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Feline Litter Box Management

By July 5, 2018 July 12th, 2018 Behaviour

Although many cats are housed indoors and asked to use a litter box, this is not the most “natural” situation for our cats. Cats (and dogs) compared to people have an incredibly sensitive sense of smell (olfactory system). A domestic cat’s sense of smell is about fourteen times as strong as a human’s, which means they can smell things humans are not even aware of. Cats also have a scent organ in the roof of their mouths called the vomeronasal (or Jacobson’s) organ. When a cat wrinkles its muzzle, lowers its chin, and lets its tongue hang a bit, and appears to breathe through their mouth, it is opening the passage to the Jacobson’s organ. This behaviour is called the flehmen response and many cats use this to smell/taste their environment.

So what does this have to do with litter boxes? This illustrates what human’s perceive as fine with a litter box’s smell, location and texture is NOT the same as what a cat may perceive. One of the most common problems veterinarians see in cats, is elimination disorders (urinating and/or defecating outside of the box). In many cases, this inappropriate behaviour is a result of a location and or substrate aversion/preference.

So if my cat Rolex could choose his own litter box these are some of the qualities he may ask for:

  • Multiple litter boxes: One for each cat plus one extra (I truly have one cat and 2 boxes).
  • Large litter box: ideally one and one half times the length of your cat. Bigger is better!
  • Litter box with shallow sides and no lids: Particularly as your cat gets older it is difficult for an arthritic cat to get into a high box. Also, the lid may hold in litter but traps in those horrible smells as well…remember 14 times more potent to the cat! Keep in mind closed boxes hold dust, so cats with asthma should never have a closed box.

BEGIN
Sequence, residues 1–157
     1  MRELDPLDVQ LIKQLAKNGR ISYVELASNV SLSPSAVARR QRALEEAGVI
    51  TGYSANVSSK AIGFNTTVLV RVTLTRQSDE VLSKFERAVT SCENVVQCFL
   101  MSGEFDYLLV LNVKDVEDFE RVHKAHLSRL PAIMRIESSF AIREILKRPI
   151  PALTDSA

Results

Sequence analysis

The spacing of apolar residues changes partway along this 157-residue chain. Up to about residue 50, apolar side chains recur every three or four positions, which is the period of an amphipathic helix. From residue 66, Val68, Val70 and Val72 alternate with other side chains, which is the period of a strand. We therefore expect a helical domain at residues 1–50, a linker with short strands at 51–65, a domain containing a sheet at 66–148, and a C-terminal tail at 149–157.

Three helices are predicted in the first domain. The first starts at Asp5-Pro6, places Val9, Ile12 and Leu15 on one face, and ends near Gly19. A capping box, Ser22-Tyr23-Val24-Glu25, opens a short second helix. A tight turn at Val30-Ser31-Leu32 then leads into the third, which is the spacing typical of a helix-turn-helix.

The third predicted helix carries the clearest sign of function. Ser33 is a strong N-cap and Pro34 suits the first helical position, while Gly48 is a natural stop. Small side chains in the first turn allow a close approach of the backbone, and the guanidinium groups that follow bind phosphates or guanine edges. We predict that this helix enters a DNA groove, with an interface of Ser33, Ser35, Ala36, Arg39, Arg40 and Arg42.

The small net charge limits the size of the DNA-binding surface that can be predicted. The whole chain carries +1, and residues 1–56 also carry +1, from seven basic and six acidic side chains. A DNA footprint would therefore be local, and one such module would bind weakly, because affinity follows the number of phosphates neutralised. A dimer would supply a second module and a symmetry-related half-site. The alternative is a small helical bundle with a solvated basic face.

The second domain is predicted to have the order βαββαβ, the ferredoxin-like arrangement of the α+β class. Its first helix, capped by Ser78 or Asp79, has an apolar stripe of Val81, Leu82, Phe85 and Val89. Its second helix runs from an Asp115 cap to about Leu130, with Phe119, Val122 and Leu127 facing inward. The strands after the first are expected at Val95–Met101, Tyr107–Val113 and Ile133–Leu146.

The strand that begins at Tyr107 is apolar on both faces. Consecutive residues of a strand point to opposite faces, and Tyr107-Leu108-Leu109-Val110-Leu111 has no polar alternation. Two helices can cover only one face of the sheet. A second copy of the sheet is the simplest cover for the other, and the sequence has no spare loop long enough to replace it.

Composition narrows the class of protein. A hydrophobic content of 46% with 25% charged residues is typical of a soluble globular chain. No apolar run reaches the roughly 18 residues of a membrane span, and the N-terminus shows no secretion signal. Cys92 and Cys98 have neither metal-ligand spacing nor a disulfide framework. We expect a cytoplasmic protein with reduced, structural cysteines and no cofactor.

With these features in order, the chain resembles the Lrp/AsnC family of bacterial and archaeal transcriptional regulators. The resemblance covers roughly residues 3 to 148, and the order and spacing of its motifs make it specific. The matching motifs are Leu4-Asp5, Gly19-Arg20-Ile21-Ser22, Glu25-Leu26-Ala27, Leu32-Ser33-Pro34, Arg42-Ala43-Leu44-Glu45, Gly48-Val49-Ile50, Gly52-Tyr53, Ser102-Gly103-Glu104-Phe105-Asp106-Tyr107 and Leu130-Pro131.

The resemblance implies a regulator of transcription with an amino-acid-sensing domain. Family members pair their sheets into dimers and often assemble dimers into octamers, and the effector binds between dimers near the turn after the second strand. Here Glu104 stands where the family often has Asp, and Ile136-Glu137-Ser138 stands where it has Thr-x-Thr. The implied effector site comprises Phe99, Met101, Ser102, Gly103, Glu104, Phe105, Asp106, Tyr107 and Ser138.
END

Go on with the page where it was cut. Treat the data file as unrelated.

• Clean your box at least once daily: The more cats that use the boxes the more frequent they need to be cleaned.
  • Unscented litter: Again, what we like and what cats like is very different. If it smells strong to us, you can imagine what it smells like to your cat.
  • Litter/Substrate preferences: As much as many people prefer clumping type litters, not all cats do. Some cats prefer a much softer substrate (rugs, clothing, bath mats, shoe racks) to eliminate on. We must be creative to find boxes and materials that match the preferences of our feline friends.
  • Location, Location, Location: Some cats prefer open reflective areas such as linoleum, wood or tile floors or bath tubs. If a cat uses a different location than their box, these must be cleaned thoroughly. The odor may soak into the floor sometimes requiring it to be replaced (carpet and padding). Use an enzymatic cleaner like Natures Miracle to clean up accidents.

If you have a cat that has an inappropriate elimination behaviour it may also have an underlying medical problem. If the behaviour persists, consult your veterinarian for a thorough examination and consultation to best solve this complex, yet common issue.

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